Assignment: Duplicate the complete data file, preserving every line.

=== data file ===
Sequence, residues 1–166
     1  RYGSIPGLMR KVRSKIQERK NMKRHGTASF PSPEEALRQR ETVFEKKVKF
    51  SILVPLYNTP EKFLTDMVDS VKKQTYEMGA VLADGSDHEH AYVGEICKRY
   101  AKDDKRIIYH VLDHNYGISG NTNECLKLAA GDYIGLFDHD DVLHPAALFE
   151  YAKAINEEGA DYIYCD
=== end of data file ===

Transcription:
Sequence, residues 1–166
     1  RYGSIPGLMR KVRSKIQERK NMKRHGTASF PSPEEALRQR ETVFEKKVKF
    51  SILVPLYNTP EKFLTDMVDS VKKQTYEMGA VLADGSDHEH AYVGEICKRY
   101  AKDDKRIIYH VLDHNYGISG NTNECLKLAA GDYIGLFDHD DVLHPAALFE
   151  YAKAINEEGA DYIYCD